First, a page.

Shafaat Yar Khan
The United States completed its withdrawal from Afghanistan on August 31, 2021, following the agreement reached between the U.S. and the Taliban in February 2020. This withdrawal has sparked concerns about whether the U.S. left behind weapons and equipment in Afghanistan that could potentially be used against Pakistan or other regional actors.
The hasty and chaotic nature of the U.S. withdrawal resulted in reports and images suggesting that a substantial amount of military equipment, including firearms, ammunition, vehicles, and other supplies, was left behind. This equipment ranged from small arms to larger military vehicles and aircraft.
The caretaker prime minister of Pakistan has asserted that military equipment left behind by the U.S. during the withdrawal from Afghanistan has found its way into the hands of the Pakistani Taliban. Prime Minister Anwaar-ul-Haq Kakar stated that this equipment has become a fresh and concerning challenge for Islamabad, as it has bolstered the combat capabilities of the Pakistani Taliban.
The concern regarding the potential use of this left-behind equipment against Pakistan is not unfounded. Afghanistan shares a long and porous border with Pakistan, and historically, various militant groups have operated in both countries. There are worries that some of the weapons and equipment abandoned by the U.S. military could fall into the hands of extremist groups with hostile intentions towards Pakistan.
The Taliban, now in control of Afghanistan, inherited much of the equipment left behind by the U.S. military. While they have publicly stated that they do not intend to use this equipment against neighboring countries, there is uncertainty about their ability to prevent it from being acquired by various militant factions or individuals with differing agendas.
The potential proliferation of military equipment to non-state actors is a concern not only for Pakistan but also for other neighboring countries and the broader international community. Such a scenario could destabilize the region and exacerbate existing conflicts.
The U.S. government has expressed its concerns about the possibility of weapons and equipment being used against its interests or allies, including Pakistan. They have noted that they are closely monitoring the situation and engaging in discussions with regional partners to address these risks.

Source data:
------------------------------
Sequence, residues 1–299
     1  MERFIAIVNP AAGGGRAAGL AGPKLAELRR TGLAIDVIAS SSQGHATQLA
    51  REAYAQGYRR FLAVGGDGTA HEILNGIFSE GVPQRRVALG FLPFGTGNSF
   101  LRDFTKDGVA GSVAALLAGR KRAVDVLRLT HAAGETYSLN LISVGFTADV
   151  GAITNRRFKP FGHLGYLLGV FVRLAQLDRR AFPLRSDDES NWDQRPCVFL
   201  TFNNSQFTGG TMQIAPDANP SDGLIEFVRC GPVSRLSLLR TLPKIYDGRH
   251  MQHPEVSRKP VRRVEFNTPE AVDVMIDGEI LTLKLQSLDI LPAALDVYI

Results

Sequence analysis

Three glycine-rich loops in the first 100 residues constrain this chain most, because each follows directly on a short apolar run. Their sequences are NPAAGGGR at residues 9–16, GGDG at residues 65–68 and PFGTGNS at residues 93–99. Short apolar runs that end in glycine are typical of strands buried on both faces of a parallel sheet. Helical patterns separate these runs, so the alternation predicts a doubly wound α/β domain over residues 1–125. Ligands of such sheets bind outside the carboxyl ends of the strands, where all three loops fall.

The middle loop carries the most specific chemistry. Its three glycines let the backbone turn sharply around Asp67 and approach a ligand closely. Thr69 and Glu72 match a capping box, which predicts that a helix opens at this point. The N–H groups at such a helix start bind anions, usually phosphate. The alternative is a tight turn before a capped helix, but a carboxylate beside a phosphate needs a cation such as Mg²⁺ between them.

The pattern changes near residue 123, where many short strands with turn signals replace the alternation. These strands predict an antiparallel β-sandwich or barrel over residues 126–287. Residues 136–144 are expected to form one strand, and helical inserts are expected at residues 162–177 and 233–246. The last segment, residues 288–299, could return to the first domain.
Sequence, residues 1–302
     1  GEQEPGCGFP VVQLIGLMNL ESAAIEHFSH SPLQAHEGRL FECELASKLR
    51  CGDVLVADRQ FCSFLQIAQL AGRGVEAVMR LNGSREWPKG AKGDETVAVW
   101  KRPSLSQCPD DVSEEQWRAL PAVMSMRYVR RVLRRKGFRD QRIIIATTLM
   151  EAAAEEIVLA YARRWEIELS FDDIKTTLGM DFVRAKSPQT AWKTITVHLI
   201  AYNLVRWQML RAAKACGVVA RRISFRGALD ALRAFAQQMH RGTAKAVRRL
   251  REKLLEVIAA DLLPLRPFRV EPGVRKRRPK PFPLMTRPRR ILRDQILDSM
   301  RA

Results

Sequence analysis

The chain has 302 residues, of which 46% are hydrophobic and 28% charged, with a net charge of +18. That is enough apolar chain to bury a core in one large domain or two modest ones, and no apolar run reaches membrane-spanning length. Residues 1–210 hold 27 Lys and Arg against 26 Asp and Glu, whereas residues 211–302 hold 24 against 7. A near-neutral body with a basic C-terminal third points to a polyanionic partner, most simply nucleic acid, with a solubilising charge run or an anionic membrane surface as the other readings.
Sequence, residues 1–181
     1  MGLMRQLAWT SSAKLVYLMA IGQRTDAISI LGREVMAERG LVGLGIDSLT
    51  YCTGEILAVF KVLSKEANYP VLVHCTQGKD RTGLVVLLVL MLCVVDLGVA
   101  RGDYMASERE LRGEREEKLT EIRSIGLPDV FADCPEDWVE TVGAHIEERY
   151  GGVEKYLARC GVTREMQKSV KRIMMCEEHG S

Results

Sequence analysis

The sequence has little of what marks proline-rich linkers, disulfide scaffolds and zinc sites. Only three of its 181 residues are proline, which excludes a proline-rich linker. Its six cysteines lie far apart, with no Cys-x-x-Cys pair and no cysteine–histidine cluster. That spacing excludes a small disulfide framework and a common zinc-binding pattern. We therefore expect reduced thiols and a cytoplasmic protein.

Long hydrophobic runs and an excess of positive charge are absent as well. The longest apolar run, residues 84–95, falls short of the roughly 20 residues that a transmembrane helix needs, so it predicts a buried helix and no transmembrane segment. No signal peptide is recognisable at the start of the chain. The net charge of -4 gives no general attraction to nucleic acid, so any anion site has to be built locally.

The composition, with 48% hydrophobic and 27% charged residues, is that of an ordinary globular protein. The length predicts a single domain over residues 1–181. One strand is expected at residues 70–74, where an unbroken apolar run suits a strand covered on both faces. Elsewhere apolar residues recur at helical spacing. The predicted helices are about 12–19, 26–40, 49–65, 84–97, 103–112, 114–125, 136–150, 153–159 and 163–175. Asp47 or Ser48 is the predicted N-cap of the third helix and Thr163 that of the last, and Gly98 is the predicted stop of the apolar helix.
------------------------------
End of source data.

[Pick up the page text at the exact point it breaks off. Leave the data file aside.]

However, addressing a press conference, National Security Council spokesman John Kirby said America did not leave behind any military equipment for terrorist organisations in Afghanistan.
His remarks came after Pakistan’s Prime Minister Anwaar ul Haq Kakar and Ambassador Masood Khan had reportedly said the weapons left behind by America had fallen into the hands of terrorists.
Kirby said the US had left only a limited amount of equipment and aircraft in Kabul. At the airport, he said, America had left trucks, and technical and firefighting equipment.
When a journalist drew his attention to reports that the $7 billion worth of weapons in Afghanistan had fallen into the hands of terrorists, the National Security Council spokesman said the military equipment being talked about had been actually handed over to the Afghan defence forces.
The Taliban, which now controls Afghanistan, inherited much of the equipment left behind by the U.S. military. While they have stated that they do not intend to use this equipment against neighboring countries, it remains to be seen whether they can effectively prevent it from falling into the hands of various militant factions or individuals with different agendas.
Accurately assessing the equipment left behind and its current status is challenging due to the absence of on-the-ground verification. Reports and claims regarding specific equipment can be conflicting, making it difficult to provide a precise inventory of what was abandoned.
The U.S. withdrawal from Afghanistan has raised legitimate concerns about the potential use of left-behind military equipment against Pakistan and other regional actors. The extent of this risk remains uncertain and will depend on various factors, including the Taliban’s ability to control the equipment, prevent its proliferation to non-state actors, and uphold their commitment not to use it against neighboring countries. The situation is evolving, and ongoing monitoring and diplomacy are essential to address these concerns and maintain regional stability.Top of Form
The views expressed in this article are the author’s own and do not necessarily reflect Coverpage’s editorial stance